Canine parvovirus (CPV) is a highly contagious disease that can be fatal to dogs. Puppies aged six weeks to six months are most at risk.
CPV attacks a dog’s cells in their intestine, meaning they become dehydrated and weak.
There is no cure, but vaccinating a dogs and puppies against CPV will protect them.
Parvovirus is a highly infectious disease that can be fatal. Many dogs that are diagnosed with ‘parvo’ will die. The virus attacks cells in a dog’s intestines and stops them from being able to absorb vital nutrients. This means that a dog or puppy will become very weak and dehydrated.
Symptoms of CPV include foul-smelling diarrhoea with blood in it, vomiting, loss of appetite, collapse, depression, fever and sudden death.
Young puppies and unvaccinated dogs, including those that have not had their booster injections, are most at risk from becoming victims of CPV. Puppies go downhill very quickly because the symptoms caused by CPV make them very weak, and mean their immune systems have to work very hard to fight the disease. Youngsters between six weeks and six months old are also more susceptible to secondary infections, or they may die from dehydration. CPV outbreaks are most commonly seen in towns and cities with a large population of unvaccinated dogs.
CPV is highly contagious and spreads very easily around dogs and puppies that aren’t up to date with their vaccinations. It takes up to seven days for a dog to show signs of having CPV after they have caught it. CPV spreads through body fluids, including in a dog’s poo and vomit. It is extremely hardy and can survive in the environment outside the body – for example in grass –for at least six months, and possibly much longer. A dog can even contract CPV by sniffing another dog’s poo and it’s not uncommon for dogs to catch CPV when out for a walk. If a dog comes into contact with bedding, food and water bowls, carpet, or a kennel that a dog with CPV has touched, it can catch the virus. CPV can also be spread on shoes, clothing and human hands. It is really important to protect a dog against this horrible disease by vaccination.
Dogs and puppies can be vaccinated against CPV from the age of six weeks. A puppy should have its first vaccine at six to eight weeks old. It will then need a second vaccine two weeks later. After that, it will need a booster vaccine at a year old. After this, dogs need a booster vaccination yearly or less often, as advised by a vet. This is all that is needed to prevent a dog catching this fatal disease.Vaccination for CPV is routine: it is one of the three main diseases that dogs are normally vaccinated against. A dog should be given a vaccination card with the date of the jab and the date the next shot is due. This will be signed by a vet or registered veterinary nurse. Boosters are important for dogs to keep up to date with, but the time between these varies so a vet needs to confirm how often a dog should be vaccinated.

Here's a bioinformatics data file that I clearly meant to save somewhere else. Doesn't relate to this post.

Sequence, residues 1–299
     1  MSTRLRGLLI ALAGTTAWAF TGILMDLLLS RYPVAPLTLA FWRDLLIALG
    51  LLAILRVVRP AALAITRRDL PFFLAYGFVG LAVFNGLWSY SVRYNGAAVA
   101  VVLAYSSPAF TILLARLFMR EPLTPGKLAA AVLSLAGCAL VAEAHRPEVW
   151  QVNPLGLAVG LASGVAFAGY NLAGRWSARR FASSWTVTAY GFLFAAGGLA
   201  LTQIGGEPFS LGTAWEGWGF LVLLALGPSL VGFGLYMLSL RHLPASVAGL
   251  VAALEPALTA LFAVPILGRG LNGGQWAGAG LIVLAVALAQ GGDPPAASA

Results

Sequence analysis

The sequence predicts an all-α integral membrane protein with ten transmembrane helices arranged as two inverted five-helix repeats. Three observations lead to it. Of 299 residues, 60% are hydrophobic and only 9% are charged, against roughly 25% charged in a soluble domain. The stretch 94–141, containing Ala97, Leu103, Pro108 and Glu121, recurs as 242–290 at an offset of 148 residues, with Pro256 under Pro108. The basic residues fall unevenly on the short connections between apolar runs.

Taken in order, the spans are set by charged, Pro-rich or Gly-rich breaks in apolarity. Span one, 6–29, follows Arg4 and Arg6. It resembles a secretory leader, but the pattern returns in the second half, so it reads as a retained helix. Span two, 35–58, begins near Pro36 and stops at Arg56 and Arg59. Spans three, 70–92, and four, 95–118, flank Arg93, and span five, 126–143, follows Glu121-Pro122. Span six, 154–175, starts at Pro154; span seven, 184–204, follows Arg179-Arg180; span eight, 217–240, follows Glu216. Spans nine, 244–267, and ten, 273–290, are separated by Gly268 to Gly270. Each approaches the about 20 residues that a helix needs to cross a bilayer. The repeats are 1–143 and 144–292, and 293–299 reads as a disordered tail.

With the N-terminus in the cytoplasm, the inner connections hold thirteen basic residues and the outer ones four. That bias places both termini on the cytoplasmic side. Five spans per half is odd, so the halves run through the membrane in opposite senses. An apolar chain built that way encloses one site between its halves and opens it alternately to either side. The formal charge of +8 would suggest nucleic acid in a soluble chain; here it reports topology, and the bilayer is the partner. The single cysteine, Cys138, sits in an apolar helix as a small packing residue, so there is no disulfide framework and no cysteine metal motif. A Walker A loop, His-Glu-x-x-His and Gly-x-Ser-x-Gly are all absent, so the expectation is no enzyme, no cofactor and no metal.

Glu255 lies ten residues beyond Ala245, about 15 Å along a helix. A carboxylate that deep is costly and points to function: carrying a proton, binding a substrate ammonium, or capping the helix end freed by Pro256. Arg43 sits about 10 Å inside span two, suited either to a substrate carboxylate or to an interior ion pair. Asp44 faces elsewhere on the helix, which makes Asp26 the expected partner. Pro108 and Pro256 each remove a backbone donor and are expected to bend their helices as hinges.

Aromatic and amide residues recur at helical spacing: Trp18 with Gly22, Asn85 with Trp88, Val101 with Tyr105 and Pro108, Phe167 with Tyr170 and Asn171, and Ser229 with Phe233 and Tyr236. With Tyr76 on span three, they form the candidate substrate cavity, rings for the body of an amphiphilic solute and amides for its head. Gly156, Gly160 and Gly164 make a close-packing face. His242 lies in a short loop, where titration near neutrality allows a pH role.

Call a veterinary practice immediately for advice. Make sure to tell them what symptoms the dog or puppy has, and whether or not they might have come into contact with a dog with confirmed CPV. Most deaths from CVP happen within 48 to 72 hours after the symptoms begin. The quicker help is sought, the greater the dog’s chances of survival. Keep the dog away from other dogs as the virus spreads easily. Tell the vet if there are other dogs in vicinity as they can give advice on how to stop it spreading. Any case of severe gastroenteritis should be taken seriously: even if CPV is not the cause, contact a vet if a dog has diarrhoea or any of the other symptoms listed above.
There are no drugs in existence that can kill the virus. Instead, treatment for CPV is designed to support a dog’s immune system and help its body become strong enough to fight off the disease. Dogs and puppies with CPV need to be treated at a vet’s and are likely to need hospitalisation. They will be put on a drip and given intravenous fluids to stop them from becoming dehydrated. They may also be given drugs to help control vomiting, which also helps to prevent dehydration. If a dog with CPV has caught a secondary infection as a result of a weakened immune system, it may be given antibiotics. Dogs and puppies with CPV must be put in isolation and kept well away from other animals. Vets and nurses will wear special clothes and shoes when treating them which can be removed and sanitised to prevent the disease spreading to other patients at the veterinary surgery or hospital. The average hospital stay for a dog recovering from CPV is five to seven days. Unfortunately, puppies are often not strong enough to survive the toll the disease takes on their young bodies and many will die.
Treatment for CPV is also very expensive because a dog will need several days’s tay in intensive care. Costs for round the clock nursing and veterinary care, medicines and fluids tot up. Bills can easily run into the hundreds, if not thousands, of Euros. Vaccination prices are much, much cheaper – not to mention the emotional cost of having an extremely sick dog which is likely to die.
This information is also available on the Blue Cross website: https://www.bluecross.org.uk/pet-advice/parvovirus-dogs